Hover house is a residence in beachside Mt. Martha (Victoria, Australia) re-imagining the single dwelling courtyard on a rear battle-axe block. The project brief was for a tranquil, sustainable and private home filled with natural light, warmth and texture. As privacy and outlook were limited the concept sought to create a captivating internal focus in the form of a central courtyard, providing a strong link between key spaces. In order to maximise natural light and privacy a simple sectional gable shape was extruded through the east-west axis of the house, resulting in a form that efficiently collects rainwater, incorporates sustainable passive systems and emphasises views to distant gum tree canopies.
Hover House provides the clients and their friends and family with a warm and functional home all year round, adaptable to varying internal and external circumstances. Lovingly detailed concealed sliding doors and timber screens allow for the flexibility of each bedroom wing to be open or closed independently from the main living space, aiding energy efficiency and privacy and varying the character of the house with different configurations. Bedrooms and kitchen areas also capture discrete connections to exterior gardens around the site periphery, complementing the courtyard focus of the living and entry areas.
Internal concrete blockwork, timber veneer and a polished concrete floor provide cost effective texture and warmth throughout the internal living spaces. The reverse veneer blockwork, insulated concrete slab and fireplace are also effective as thermal mass and, combined with passive ventilation, result in a low energy house which is cost effective to run.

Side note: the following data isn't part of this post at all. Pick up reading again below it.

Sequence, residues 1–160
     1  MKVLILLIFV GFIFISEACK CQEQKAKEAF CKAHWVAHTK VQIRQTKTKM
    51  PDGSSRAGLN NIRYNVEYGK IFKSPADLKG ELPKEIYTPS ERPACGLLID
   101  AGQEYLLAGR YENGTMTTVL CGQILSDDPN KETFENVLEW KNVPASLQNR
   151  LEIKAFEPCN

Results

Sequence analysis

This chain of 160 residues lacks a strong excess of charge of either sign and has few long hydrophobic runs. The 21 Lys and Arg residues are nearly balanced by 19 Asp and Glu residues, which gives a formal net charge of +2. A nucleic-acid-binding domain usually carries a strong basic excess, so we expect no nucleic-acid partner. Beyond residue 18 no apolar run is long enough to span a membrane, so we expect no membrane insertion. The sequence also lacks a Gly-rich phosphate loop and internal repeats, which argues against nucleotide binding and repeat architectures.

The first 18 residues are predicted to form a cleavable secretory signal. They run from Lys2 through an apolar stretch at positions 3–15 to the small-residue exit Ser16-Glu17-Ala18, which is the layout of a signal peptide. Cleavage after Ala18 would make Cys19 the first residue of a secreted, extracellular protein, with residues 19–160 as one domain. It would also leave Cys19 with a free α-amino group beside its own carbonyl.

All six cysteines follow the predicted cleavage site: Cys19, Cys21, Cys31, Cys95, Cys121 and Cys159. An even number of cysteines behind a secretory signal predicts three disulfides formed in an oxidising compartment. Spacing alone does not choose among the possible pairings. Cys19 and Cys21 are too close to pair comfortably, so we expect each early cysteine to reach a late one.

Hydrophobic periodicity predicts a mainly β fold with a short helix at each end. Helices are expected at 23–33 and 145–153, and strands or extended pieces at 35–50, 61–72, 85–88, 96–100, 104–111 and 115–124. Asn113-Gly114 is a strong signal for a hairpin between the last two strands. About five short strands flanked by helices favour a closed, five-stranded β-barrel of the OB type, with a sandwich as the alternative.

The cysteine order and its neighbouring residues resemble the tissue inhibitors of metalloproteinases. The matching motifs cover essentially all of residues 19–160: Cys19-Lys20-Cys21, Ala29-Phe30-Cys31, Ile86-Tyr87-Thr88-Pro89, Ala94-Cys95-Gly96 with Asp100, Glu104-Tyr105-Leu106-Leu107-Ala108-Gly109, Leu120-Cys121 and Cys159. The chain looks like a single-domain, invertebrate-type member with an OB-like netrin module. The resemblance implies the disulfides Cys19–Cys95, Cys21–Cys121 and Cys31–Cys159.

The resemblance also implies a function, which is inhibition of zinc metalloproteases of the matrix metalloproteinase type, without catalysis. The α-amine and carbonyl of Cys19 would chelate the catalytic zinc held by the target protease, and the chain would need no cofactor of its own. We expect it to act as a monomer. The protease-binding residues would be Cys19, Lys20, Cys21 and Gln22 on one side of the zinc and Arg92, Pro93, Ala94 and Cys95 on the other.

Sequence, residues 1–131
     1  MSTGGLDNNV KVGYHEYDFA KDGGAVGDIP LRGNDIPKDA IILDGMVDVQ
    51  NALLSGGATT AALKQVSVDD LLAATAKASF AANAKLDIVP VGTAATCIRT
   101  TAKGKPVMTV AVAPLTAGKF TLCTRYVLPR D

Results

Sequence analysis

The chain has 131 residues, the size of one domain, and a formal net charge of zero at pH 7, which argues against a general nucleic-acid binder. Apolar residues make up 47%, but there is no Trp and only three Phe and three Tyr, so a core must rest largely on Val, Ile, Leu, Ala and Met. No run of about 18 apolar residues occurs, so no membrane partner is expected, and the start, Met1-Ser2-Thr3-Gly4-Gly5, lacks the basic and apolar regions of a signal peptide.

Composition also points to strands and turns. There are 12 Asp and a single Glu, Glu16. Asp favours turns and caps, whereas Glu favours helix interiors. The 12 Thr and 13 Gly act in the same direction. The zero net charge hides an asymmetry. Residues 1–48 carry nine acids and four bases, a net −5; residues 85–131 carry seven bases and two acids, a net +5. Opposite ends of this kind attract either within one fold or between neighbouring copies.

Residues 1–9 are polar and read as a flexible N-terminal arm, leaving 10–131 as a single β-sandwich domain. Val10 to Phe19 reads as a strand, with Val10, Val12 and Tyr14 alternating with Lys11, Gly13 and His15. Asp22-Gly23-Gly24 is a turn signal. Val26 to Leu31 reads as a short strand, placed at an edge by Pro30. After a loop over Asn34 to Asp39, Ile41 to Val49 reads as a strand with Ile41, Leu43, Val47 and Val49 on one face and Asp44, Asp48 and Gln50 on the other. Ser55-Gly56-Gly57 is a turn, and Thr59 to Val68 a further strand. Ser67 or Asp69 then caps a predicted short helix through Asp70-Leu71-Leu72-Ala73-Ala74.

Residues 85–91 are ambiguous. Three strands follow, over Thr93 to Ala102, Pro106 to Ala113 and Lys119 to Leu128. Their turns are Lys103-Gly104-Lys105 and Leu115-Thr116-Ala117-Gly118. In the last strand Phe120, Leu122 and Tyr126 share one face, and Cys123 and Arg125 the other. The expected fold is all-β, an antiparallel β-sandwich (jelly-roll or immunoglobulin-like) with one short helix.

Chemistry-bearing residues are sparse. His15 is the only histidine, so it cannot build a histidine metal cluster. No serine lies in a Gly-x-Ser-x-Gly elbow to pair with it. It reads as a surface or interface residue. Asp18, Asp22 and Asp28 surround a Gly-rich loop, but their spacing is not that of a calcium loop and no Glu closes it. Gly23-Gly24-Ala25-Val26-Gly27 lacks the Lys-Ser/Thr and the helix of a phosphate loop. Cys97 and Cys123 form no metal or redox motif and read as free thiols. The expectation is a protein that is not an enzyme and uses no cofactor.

Hover House is a “replicable prototype for cost effective, high-amenity housing” (Nigel Bertram, AIA Victorian Architecture Awards Jury 2014) suitable for other sites where a hostile outlook invites the creation of a meaningful inward focus.
Sustainable design principles, function and form are linked through an elegant and unique solution. A simple sectional gable shape was extruded through the east-west axis of the house, evolving the traditional courtyard typology. The resulting form maximises natural light and privacy, efficiently collects rainwater and emphasises views to distant gum tree canopies. Simplified construction methods were possible and required little steel, reducing building costs and carbon emissions.
Internally, the gable roof provides sun shading to the living areas whilst establishing dynamic interior volumes, from intimate bedrooms to higher living spaces which reach towards northern sun. Two bedroom wings extend from the living spaces and are zoned via lovingly detailed concealed sliding doors and timber screens, enabling the flexibility of wing to be open or closed independently, aiding in sun shading, energy efficiency and privacy.
In the living spaces, reverse veneer blockwork, an insulated polished concrete slab and a concrete fireplace create warmth and texture whilst providing effective thermal mass. Meticulous window placement captures discrete connections to exterior gardens and provides passive cross ventilation, resulting in a low energy house which is cost effective to run.
Sustainability of function and useability were also important considerations for the current and future occupants of Hover House. We imagine and look forward to future interpretations of this model making a contribution to other contexts where a challenging outlook highlights the opportunity for the creation of a compelling inward focus.
AIA Victorian Architecture Awards 2014
Residential Architecture New House
AIA National Architecture Awards 2014
Residential Architecture New House
Australian Interior Design Awards 2014
Houses Magazine Awards 2014
New House Over 200sqm